Caetano iTrabus Iveco Daily 70C17
New Caetano option answers the shortcomings of the Optimo and appeals to a wider market in an attractive package
In the days before Salvador Caetano’s UK operations were centred on contracts with National Express, it was a significant player in the small coach market. Successive generations of the Toyota Coaster based Optimo were offered for three decades from 1985 but there were also other options including a number of Fiat or Iveco products tracing their origins back to the 60-10 based Beja, sold under the Moseley Continental brand.
Contemporary with the original Optimo was the Viana on the Iveco 79.14 which served in fleets such as Premier Albanian of Watford and Wallace Arnold who took a pair. Later there was a scaled down version of the Algarve on the rear-engined Iveco 315 midi chassis, sales of which just failed to reach double figures.
Despite these alternatives, it was the Optimo that was the major seller and they were and are to be seen throughout the country as well as elsewhere in Europe. It looked attractive and the interior was comfortable. Originally configured in a 2+1 seating layout exclusively, there were later models that offered a wider body with 2+2 seating for a maximum of 26. When non air conditioned, steel sprung coaches with manual gearboxes were the norm, it was the ideal coach to run alongside bigger coaches but as they developed and disc brakes, air suspension, and automatic transmission, at least as an option, became the standard, it was increasingly left behind.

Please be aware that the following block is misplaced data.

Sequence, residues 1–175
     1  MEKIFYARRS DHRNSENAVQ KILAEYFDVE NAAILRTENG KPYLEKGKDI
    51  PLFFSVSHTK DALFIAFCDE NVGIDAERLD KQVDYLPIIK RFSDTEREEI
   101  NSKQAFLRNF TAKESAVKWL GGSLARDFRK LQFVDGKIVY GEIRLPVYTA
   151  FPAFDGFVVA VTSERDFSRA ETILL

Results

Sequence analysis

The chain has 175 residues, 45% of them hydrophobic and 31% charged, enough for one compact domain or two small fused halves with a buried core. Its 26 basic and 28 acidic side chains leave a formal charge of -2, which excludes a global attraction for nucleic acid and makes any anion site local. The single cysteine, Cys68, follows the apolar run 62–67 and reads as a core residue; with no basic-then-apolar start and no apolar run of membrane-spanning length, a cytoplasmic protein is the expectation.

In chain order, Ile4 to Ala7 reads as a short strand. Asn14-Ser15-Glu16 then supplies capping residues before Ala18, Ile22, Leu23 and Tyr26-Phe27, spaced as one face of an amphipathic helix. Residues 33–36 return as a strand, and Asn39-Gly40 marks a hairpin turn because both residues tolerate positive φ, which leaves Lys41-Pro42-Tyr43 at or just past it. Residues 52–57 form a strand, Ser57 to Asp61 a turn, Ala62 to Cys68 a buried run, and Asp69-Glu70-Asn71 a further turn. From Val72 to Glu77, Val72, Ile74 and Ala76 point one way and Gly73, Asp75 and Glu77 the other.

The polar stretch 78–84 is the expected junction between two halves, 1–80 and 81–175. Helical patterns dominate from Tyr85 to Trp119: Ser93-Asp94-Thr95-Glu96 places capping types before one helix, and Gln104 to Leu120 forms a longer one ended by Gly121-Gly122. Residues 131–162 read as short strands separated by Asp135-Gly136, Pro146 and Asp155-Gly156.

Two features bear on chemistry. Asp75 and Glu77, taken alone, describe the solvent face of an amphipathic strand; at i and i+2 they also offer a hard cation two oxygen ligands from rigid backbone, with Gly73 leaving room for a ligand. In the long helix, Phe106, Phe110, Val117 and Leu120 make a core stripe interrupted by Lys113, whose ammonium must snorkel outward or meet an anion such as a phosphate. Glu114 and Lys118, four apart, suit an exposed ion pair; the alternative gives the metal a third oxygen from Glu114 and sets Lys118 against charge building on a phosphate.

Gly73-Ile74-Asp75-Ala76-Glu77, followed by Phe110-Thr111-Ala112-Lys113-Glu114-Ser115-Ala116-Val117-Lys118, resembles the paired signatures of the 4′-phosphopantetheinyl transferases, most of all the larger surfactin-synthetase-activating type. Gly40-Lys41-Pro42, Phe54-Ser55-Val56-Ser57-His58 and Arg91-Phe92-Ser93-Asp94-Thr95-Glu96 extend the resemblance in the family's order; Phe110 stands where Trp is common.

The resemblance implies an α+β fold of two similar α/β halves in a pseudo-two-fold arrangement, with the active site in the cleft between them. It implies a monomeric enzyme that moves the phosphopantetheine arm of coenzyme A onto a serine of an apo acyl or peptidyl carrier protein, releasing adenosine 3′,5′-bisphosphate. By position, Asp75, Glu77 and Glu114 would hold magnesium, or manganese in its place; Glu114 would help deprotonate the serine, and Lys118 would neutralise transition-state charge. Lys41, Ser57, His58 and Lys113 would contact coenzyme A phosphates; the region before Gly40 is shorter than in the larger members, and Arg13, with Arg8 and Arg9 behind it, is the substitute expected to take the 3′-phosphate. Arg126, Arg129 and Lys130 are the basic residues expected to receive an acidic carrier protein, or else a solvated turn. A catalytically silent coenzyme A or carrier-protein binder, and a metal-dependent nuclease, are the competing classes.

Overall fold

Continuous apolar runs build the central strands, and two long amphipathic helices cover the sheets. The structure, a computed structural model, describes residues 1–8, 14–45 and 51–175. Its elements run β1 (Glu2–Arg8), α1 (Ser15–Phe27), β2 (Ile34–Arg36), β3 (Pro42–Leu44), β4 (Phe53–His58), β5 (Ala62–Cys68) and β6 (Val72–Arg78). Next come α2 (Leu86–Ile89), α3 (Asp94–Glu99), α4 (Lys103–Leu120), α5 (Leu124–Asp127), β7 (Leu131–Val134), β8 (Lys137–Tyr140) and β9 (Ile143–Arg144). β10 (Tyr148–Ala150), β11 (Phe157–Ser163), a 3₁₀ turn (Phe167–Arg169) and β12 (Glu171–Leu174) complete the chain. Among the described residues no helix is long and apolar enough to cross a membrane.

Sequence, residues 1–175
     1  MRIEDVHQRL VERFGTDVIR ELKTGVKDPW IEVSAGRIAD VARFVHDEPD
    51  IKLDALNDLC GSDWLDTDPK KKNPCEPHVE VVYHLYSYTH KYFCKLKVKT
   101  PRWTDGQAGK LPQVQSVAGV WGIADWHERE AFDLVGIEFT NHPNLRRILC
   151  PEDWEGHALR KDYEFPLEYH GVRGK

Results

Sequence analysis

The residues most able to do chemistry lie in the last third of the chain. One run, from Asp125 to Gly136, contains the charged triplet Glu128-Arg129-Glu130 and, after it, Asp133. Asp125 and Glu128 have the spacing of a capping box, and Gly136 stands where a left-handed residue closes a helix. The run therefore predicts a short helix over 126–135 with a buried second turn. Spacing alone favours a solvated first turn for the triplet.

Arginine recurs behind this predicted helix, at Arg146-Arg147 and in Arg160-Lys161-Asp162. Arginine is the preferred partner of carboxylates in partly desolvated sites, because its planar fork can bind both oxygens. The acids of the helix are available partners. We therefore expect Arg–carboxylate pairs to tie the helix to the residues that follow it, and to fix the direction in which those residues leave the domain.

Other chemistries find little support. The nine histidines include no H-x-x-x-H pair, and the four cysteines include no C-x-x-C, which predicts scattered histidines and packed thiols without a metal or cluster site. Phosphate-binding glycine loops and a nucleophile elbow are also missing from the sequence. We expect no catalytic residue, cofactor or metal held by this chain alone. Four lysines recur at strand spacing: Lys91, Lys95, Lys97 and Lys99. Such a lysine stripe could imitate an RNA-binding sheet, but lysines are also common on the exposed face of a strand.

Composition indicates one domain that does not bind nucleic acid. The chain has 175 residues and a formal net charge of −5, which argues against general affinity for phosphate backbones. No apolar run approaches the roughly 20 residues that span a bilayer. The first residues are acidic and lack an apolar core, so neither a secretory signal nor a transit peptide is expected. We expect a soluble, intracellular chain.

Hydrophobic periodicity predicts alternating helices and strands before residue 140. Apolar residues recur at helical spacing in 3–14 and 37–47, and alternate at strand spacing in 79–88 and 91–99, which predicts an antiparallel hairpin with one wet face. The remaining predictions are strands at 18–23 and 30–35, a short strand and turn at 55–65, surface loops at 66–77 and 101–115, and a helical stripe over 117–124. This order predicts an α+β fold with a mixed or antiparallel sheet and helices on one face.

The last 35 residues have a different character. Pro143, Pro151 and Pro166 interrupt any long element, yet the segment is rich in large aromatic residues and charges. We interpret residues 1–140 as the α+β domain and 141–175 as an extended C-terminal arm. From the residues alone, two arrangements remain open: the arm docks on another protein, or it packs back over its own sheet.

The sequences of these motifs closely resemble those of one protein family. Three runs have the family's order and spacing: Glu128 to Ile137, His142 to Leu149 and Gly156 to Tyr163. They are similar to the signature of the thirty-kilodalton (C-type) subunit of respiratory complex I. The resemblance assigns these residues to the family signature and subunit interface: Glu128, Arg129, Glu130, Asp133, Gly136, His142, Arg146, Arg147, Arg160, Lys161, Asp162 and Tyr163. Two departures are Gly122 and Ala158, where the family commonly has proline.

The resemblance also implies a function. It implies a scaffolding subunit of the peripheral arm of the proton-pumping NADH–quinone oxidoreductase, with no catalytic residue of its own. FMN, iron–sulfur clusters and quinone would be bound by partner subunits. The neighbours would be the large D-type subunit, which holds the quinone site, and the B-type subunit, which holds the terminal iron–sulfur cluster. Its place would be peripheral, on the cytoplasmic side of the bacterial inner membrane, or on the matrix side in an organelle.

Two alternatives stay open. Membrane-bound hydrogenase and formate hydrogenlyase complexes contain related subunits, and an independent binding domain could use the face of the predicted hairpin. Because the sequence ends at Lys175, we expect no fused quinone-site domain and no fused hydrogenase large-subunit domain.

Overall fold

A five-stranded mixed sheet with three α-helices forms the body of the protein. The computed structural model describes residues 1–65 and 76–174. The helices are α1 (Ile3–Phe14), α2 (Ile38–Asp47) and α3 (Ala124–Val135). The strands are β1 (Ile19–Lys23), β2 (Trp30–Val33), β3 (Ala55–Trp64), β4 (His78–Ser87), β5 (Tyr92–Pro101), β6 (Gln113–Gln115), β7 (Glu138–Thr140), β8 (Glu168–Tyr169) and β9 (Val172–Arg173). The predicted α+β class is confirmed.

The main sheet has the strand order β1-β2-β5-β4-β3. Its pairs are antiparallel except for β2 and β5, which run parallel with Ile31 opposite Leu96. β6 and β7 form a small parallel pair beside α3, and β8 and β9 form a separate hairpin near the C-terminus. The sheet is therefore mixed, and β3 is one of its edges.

In its early years, there were some quite significant fleets, especially among car hire firms such as Avis at Heathrow, but the last significant Optimo order was the ten supplied to Mayday Travel of London in 2008.
The last version of the Optimo to be offered in the UK was the CS700 which featured the frontal styling and curved rear of the Winner/Levante models. It came to the UK in 2012 and on 26 October of that year, B&CB issue 1197 carried our evaluation of the coach. Equipped with the Euro5 Toyota 15BFTE four-litre 150bhp engine and five-speed Toyota manual transmission, it was 7.72m long and 2.194m wide and offered 22 seats in a 2+2 layout. Unfortunately, it was destined only to achieve ten sales, one of them to Cyprus.
Although Toyota continues to build the Coaster chassis for certain non-European markets, a decision was taken that it would not be developed to satisfy Euro6 and this would have spelled the end for the model had Caetano wanted to continue with it. With the demise of the Mercedes-Benz Vario creating a void in the market in the 27-33 seat sector that it had previously dominated, Caetano was already working on a new small coach option based on the biggest variant of the Iveco Daily, the 70C17, which has a maximum GVW capacity of 7.2tonnes.
Last week I visited Salvador Caetano UK’s premises at Heather near Ibstock in Leicestershire to meet up with Retail Sales Manager, John Dunn, who showed me the new coach, told me all about it and accompanied me on an evaluation run.